Western Australian cricket officials are increasingly bullish over the chances of Perth remaining as host of the fifth men’s Ashes Test.
- The Western Australian Cricket Association remains “positive” Perth will host the fifth Test
- Tasmania is bidding to have the Test moved to Hobart
- The fifth Test is scheduled to begin on January 14
The Western Australian government’s strict border policy and English players’ reluctance to accept biosecurity restrictions beyond their quarantine stint means the fate of the match — scheduled to begin in Perth on January 14 — remains unclear.
On Wednesday, Tasmanian Premier Peter Gutwein made a pitch to have the Test moved to Hobart.
But Western Australian Cricket Association chief executive Christina Matthews claimed Mr Gutwein was wasting his time.
Matthews said the drop in COVID-19 case numbers in NSW was helping her organisation’s chances of Cricket Australia and the Western Australian government reaching an agreement to cross the closed border.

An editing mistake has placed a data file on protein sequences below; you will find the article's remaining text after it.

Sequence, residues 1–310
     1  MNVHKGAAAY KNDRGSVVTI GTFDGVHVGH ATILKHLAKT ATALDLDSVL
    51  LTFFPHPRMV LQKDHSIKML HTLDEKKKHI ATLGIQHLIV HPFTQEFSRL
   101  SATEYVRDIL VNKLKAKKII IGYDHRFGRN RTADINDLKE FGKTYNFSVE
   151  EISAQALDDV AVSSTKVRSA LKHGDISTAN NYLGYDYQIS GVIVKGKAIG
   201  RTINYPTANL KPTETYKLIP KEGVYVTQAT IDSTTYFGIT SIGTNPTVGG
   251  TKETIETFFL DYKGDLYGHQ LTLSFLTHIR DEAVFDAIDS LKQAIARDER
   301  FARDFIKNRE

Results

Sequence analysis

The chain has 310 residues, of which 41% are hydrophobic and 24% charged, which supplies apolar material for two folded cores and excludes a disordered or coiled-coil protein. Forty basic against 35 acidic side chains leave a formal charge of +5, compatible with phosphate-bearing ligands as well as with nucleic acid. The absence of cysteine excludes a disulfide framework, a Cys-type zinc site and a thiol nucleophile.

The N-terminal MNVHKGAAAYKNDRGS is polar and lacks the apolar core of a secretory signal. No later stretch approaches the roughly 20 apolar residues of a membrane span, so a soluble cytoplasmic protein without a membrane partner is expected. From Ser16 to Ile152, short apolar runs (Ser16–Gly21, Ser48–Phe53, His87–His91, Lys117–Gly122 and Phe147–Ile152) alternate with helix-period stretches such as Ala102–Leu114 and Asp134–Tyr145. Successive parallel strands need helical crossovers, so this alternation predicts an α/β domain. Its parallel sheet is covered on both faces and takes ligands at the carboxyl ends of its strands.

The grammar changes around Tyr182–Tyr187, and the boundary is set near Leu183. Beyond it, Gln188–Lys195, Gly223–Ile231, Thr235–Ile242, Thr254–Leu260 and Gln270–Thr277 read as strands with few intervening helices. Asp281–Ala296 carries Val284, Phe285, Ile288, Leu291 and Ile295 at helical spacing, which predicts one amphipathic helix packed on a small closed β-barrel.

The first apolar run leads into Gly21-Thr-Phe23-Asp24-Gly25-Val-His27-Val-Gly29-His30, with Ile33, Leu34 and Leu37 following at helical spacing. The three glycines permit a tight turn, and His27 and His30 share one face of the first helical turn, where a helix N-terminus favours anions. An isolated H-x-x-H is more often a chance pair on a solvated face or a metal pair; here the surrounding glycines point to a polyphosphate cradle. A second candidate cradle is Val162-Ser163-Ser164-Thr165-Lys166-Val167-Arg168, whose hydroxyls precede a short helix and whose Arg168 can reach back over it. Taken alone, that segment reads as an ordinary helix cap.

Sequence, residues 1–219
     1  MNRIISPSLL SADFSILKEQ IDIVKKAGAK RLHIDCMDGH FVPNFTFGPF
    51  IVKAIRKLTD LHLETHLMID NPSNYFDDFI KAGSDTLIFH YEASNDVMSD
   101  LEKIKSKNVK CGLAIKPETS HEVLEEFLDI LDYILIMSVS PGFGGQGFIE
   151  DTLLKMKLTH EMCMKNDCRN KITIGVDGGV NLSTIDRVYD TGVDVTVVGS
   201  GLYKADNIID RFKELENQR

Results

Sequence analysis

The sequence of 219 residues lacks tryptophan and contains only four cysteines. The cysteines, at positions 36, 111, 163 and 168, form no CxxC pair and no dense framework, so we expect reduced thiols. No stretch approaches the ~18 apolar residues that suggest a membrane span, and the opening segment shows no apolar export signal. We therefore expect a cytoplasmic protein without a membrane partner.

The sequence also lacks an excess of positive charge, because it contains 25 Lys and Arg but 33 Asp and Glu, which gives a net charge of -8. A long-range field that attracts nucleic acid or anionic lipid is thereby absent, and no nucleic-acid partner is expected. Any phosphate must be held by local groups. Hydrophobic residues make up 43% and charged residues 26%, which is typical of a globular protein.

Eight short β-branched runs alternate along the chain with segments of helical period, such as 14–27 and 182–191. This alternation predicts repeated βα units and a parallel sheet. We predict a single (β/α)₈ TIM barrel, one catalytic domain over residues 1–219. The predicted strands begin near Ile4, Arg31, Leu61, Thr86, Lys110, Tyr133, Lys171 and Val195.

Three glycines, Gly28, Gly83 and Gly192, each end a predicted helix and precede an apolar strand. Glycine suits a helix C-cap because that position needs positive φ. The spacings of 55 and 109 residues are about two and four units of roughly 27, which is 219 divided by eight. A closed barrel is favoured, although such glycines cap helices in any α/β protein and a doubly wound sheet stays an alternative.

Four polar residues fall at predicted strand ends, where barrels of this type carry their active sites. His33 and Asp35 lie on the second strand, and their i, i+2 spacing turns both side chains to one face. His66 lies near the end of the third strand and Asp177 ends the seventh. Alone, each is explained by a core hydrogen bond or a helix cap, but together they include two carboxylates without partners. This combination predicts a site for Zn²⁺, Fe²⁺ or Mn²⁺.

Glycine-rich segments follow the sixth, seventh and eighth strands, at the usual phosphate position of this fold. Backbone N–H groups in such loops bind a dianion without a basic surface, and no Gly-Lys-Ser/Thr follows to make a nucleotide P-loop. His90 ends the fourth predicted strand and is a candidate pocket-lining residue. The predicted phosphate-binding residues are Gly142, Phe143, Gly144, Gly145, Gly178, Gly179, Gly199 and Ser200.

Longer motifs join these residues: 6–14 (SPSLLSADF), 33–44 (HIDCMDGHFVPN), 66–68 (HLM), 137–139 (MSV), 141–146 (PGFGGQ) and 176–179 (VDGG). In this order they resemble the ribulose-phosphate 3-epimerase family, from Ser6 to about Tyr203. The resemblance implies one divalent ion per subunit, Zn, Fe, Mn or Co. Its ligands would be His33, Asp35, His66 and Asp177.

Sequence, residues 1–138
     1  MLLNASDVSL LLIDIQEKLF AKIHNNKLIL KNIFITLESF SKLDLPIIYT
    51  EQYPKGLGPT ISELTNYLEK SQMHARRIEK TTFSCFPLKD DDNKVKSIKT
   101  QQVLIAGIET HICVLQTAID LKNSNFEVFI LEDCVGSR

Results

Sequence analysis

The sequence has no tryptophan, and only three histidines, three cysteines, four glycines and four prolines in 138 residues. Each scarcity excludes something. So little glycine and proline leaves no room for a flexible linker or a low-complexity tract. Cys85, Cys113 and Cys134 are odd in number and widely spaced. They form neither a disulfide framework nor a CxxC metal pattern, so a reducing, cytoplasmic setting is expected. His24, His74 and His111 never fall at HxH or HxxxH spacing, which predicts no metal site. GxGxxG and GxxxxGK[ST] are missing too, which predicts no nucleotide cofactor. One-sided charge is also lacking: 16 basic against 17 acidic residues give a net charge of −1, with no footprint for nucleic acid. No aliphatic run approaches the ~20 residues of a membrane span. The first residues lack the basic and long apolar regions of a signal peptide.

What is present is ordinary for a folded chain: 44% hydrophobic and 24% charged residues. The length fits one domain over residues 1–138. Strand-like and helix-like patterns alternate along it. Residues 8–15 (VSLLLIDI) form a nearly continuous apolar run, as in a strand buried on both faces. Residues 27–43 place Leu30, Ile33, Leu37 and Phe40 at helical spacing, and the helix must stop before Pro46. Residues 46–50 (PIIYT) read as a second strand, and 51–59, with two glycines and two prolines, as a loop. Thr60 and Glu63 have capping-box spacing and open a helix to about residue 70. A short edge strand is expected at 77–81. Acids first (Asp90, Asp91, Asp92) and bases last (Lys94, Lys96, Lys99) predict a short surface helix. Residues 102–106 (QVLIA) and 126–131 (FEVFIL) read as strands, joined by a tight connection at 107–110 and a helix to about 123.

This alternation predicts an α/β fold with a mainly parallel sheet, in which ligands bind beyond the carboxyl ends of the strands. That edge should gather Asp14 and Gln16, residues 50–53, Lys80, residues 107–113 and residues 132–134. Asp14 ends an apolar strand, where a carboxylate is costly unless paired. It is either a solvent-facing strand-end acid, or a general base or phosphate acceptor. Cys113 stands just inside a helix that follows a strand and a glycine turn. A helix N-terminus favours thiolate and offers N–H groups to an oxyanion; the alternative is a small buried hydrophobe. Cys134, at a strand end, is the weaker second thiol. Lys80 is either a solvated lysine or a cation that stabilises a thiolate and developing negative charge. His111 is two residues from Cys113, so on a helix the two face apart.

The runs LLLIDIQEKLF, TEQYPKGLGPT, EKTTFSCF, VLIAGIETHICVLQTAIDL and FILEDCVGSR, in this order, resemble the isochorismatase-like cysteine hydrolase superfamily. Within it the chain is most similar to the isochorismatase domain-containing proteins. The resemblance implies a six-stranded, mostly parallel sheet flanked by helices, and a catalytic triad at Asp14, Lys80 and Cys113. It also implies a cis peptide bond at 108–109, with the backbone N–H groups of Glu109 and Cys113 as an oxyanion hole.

One likely plan includes a push to have quarantine reduced from two weeks to four or five days for the players arriving from the Sydney Ashes Test.
As the current schedule stands, there is only a four-day gap between the SCG and Perth Tests, meaning the match would either need to be pushed back one day to January 15 or be started under quarantine protocols.
Any agreement on conditions would also need the sign-off from both Australia and England’s playing group.
“There is talk around somewhere between the four and the seven days [quarantine], so that is an issue that is being dealt with,” Matthews said.
“We remain very positive.
“We know that things are moving in the right direction. What we don’t know is when the final details will be put to bed.
“We will wait as we have always done for our government to sign off on it.
Matthews said she was aware any move to minimise quarantine time could draw criticism, given the stance the Western Australian government had taken throughout the COVID-19 pandemic.
But she believed the government would be willing to do whatever possible to ensure the match was played at the 60,000-seat Perth Stadium.
“The Ashes Test match is a massive event. As big, if not bigger than the AFL grand final in terms of being on a worldwide scale,” Matthews said.
“I don’t think it’s something the government wants to lose easily. So they are working really hard to make it happen.
“There is always going to be someone who is unhappy with the arrangement and someone who has had an unfortunate experience with the [border] process.
“We’ll stick to what we’re doing and what we know, and hope that cricket fans get an opportunity to be part of the first-ever Ashes Test at Optus [Perth] Stadium.”